Many American colleges should be proud of how they navigated COVID-19. The next draft of history should reflect their success.
Campuses across the country are moving toward a more a sustainable set of pandemic-response practices—a transition with which much of society is struggling. Longwood University’s Justin Pope thinks history will show that many liberal arts colleges were in the lead, both in 2020 and today.
COVID-19 has undoubtedly altered the higher education internationalization landscape, most significantly in the prioritization of lasting, high-value partnerships. Gone are the days of signing memoranda of understanding for the sake of ceremony, and here to stay are meaningful and sustainable partnerships—for both parties—many with a focus on student mobility.
Changes are needed to the Isakson-Roe Act of 2020 so service members and their families can get the most our of their education benefits. Can Congress get this done?
Beginning in fall 2022, Smith College will replace federal loans with institutional grants for all current and future undergraduates. Smith President Kathleen McCartney explains the three reasons that drove this decision.
While launching a new program requires a great deal of thinking and planning, few would have imagined the sudden emergence of the global pandemic that upended all our well laid plans in 2020 and 2021. Fortunately, the inaugural cohort of the ACE Learner Success Lab (LSL) not only pivoted successfully to a virtual environment, but learned to collaborate and thrive.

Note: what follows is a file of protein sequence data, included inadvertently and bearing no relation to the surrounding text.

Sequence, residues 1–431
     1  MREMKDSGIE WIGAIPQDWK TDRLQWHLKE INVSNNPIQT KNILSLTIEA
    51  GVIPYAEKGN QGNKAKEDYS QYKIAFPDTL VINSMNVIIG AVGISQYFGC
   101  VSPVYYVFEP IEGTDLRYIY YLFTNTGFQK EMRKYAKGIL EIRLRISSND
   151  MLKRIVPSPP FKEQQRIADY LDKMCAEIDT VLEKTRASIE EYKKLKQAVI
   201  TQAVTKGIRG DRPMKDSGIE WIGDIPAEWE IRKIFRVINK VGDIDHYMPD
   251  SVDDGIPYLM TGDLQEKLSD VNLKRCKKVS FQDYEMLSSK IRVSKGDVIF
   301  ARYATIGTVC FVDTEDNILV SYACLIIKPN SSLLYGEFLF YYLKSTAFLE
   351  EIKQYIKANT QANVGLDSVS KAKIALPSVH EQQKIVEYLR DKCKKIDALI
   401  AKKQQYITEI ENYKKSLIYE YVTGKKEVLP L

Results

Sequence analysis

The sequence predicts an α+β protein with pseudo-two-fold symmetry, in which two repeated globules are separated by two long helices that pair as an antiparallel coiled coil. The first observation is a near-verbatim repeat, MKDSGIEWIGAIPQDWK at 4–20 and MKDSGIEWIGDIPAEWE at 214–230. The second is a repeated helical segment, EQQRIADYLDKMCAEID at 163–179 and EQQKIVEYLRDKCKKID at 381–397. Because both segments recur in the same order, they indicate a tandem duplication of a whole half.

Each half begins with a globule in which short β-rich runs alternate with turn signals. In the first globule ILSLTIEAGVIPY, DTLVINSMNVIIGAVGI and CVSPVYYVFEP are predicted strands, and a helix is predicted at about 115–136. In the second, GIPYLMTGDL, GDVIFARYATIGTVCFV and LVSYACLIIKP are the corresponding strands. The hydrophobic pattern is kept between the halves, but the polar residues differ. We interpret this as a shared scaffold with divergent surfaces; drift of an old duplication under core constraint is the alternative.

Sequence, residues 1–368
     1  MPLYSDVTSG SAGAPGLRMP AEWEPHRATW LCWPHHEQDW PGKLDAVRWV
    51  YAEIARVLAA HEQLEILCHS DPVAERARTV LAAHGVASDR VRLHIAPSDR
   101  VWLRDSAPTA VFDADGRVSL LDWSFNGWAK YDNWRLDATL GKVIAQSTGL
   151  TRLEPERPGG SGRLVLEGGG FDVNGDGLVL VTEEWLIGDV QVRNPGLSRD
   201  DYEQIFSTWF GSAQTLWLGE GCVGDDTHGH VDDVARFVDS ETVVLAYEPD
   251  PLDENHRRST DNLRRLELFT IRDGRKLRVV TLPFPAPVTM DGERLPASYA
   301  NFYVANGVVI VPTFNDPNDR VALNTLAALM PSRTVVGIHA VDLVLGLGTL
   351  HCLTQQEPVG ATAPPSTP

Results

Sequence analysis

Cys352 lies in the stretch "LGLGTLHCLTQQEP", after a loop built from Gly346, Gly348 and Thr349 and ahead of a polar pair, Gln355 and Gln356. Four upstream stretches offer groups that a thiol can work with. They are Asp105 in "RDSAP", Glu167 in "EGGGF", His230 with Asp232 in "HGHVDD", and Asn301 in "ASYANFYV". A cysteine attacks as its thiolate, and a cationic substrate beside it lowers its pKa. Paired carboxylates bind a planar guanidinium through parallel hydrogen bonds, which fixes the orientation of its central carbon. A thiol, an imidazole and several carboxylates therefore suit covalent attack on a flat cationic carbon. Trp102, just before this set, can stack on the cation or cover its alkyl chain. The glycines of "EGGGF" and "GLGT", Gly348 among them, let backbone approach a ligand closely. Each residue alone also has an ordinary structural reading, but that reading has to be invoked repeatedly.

The flexibility that colleges and universities introduced during the pandemic provided an unexpected benefit for student veterans that shouldn’t be thrown out if and when the world can go back to normal, write Warrior-Scholar Project CEO Ryan Pavel and Amy Bernard of the Bush Institute.
Much remains uncertain about what the fall 2021 semester will bring, but it’s increasingly obvious that expanded online offerings will be a welcome development—both now and for many years to come. Read more from Joseph I. Castro, chancellor of The California State University.
Bridging the disconnect between learners and employers requires a new approach to help open opportunities for people who have historically been underserved by the current system. Can blockchain help fill these gaps?
As campuses deal with the impact of COVID-19 and systemic racism, campus leaders have an opportunity to make sustainable, structurally supported change that provides foundations for reparation, reconciliation, and healing for campus communities.
A number of studies, articles and blog posts in recent years have hinted that campuses are figuratively hanging off of a mental health cliff. Kate Wolfe-Lyga and Marcus Hotaling write that while numerous factors that have likely contributed to this increase in need, the main concern is whether colleges and universities have the capacity to support their students’ mental health.
Cathy Sandeen joined Cal State East Bay as president in the middle of the pandemic. To her surprise, virtual leadership has had unmistakable upsides.
Shared equity leadership can help dismantle the systems that perpetuate inequities by drawing upon the strengths of a range of campus stakeholders rather than the perspective of a single leader.